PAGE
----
Whitelist security offering gains threat detection capability

Bit9 Inc. has extended the capabilities of its whitelist security software by adding the ability to detect risks to enterprises as well as improved analysis of the data collected by its end point agents.

“What we’re adding is complete advanced threat solution,” said Brian Hazzard the company’s vice-president of product management.

The significant enhancements to Bit9’s Security Platform v.7 are free for existing customers and come as a downloadable module.

The platform has always been a trust-based solution that allows administrators to specify software on a so-called whitelist that can be allowed on desktops and laptops. The endpoint agents monitor changes to the environment and sends alerts when other software tries to be installed.

The data gathered by the agents has usually been used by administrators for application control, Hazzard said.

What’s new is the ability to provide advanced threat detection by looking for patterns in the sensor data.

The system now looks for suspicious application behavior, changes in file properties, process injections or alteration of system configuration using what Bit9 calls threat indicators. These leverage Bit9’s existing cloud-based software reputation service, which collects data on who published software and its security risks.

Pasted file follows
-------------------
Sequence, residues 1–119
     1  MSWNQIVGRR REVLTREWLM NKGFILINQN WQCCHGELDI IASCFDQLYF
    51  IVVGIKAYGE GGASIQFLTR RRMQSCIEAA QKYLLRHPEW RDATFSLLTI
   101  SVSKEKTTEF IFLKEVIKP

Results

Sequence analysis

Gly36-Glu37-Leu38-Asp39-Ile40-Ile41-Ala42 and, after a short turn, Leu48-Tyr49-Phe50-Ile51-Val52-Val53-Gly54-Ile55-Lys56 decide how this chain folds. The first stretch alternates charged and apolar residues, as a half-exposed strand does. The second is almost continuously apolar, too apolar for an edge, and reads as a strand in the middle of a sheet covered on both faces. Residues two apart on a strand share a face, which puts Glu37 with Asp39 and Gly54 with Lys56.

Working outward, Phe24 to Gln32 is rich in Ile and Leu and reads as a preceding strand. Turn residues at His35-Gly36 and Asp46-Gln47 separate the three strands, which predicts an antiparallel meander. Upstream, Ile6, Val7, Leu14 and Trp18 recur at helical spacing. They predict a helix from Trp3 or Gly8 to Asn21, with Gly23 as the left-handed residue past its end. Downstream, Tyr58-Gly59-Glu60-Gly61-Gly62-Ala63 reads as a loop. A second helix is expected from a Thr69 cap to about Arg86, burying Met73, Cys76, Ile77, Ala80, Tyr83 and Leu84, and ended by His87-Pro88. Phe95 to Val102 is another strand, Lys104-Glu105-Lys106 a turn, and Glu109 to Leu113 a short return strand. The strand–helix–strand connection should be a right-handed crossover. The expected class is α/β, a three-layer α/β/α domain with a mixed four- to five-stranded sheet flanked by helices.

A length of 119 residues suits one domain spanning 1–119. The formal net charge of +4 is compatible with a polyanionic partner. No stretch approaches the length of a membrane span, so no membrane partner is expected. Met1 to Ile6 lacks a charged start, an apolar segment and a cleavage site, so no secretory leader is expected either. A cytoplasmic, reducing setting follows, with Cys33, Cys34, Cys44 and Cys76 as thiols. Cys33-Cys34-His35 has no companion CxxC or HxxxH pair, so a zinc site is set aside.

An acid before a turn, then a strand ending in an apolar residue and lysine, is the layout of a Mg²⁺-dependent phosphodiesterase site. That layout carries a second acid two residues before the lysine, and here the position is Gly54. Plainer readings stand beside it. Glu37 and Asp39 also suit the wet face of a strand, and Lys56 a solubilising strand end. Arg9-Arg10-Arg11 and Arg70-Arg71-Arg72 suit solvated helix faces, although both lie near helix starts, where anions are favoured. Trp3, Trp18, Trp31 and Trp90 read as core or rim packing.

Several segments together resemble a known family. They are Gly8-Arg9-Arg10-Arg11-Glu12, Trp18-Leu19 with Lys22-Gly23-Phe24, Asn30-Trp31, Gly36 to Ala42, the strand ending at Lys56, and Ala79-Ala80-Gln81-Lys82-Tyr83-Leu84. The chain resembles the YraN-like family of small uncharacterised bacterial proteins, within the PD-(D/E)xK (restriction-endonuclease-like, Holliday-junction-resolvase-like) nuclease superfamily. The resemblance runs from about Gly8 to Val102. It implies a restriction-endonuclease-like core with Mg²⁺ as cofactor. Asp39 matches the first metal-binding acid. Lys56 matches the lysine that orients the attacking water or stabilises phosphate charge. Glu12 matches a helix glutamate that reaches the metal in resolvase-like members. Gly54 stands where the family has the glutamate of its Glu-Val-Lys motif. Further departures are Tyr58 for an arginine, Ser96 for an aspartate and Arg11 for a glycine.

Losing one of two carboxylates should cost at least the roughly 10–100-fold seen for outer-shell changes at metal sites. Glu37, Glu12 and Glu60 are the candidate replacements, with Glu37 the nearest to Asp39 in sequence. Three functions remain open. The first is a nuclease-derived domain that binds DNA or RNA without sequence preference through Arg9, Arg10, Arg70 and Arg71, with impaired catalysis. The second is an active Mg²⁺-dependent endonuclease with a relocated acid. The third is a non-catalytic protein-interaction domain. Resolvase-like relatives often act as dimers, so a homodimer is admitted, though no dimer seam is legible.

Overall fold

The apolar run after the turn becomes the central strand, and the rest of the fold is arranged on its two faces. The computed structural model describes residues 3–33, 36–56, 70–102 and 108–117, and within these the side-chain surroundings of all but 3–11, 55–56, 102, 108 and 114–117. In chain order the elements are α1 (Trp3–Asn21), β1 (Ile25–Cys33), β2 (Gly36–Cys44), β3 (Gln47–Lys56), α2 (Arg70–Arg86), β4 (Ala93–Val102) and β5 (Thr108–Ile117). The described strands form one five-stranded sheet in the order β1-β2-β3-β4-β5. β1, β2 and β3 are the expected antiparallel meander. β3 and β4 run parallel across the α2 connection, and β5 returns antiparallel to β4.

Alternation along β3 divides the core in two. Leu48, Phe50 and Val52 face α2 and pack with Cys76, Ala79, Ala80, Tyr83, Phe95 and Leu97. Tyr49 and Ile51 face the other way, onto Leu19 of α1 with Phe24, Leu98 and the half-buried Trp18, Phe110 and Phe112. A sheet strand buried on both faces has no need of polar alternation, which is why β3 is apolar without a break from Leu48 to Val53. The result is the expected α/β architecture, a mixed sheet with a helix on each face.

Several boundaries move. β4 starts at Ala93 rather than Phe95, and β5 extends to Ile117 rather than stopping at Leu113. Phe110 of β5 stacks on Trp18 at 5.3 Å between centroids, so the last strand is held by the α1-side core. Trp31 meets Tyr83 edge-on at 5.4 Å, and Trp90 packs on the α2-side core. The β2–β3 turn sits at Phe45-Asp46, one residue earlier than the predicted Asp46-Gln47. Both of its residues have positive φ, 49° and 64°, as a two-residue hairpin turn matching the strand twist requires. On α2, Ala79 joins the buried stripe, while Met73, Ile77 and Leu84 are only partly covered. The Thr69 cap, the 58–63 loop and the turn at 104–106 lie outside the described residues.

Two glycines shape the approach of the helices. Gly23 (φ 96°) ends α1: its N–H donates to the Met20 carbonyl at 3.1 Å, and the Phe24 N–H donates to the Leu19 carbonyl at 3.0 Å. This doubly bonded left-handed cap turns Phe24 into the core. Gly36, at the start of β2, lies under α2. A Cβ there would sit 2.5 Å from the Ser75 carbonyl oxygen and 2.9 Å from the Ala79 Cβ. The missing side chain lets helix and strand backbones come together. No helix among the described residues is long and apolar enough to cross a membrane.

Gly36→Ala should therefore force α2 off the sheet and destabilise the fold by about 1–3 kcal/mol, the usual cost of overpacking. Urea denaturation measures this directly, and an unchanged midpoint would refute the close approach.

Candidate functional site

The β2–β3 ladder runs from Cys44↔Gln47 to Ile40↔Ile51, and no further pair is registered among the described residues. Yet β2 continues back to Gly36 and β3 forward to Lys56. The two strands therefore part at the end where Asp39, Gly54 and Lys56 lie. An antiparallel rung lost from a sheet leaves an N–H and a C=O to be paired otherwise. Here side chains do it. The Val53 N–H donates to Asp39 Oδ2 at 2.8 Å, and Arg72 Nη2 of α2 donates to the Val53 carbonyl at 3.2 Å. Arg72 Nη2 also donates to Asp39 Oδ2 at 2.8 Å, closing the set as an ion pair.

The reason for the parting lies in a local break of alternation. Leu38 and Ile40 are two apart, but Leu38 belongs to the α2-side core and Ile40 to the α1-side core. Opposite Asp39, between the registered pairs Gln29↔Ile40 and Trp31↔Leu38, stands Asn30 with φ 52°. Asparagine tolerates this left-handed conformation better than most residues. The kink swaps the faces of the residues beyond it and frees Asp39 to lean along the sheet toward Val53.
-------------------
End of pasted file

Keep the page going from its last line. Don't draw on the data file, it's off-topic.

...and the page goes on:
The threat indicators can be customized for each organization’s needs.

In addition, new data analysis capabilities helps security analysts on staff to look at historical as well as real-time data to diagnose what’s going on at end points.

It details what software arrived on an end point, what processes or user created it, if it executed, what it did and other parameters.

This data can also be fed into third-party security information management systems.

The result of the new capabilities is that Security Platform allows administrators to set three policy levels for application protection, Hazzard said: A low level of enforcement, which detects lets users install software but IT can prevent untrusted apps from executing; a mid level, which prompts a user if the system tries to install untrusted software; and a high level which blocks all unapproved software.

Pricing is unchanged and is based on the number of endpoints covered by the solution. Hazzard said it roughly comes to $30 a device plus $100 a server for the Security Platform suite plus any server needed for the data store. There are volume discounts.

There are two Canadian system integrators listed on the Bit9 Web site: Secure Sense Solutions of Burlington, Ont. and SentryMetrics of Toronto.

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Howard Solomon
Howard Solomon
Currently a freelance writer, I'm the former editor of ITWorldCanada.com and Computing Canada. An IT journalist since 1997, I've written for several of ITWC's sister publications including ITBusiness.ca and Computer Dealer News. Before that I was a staff reporter at the Calgary Herald and the Brampton (Ont.) Daily Times. I can be reached at hsolomon [@] soloreporter.com

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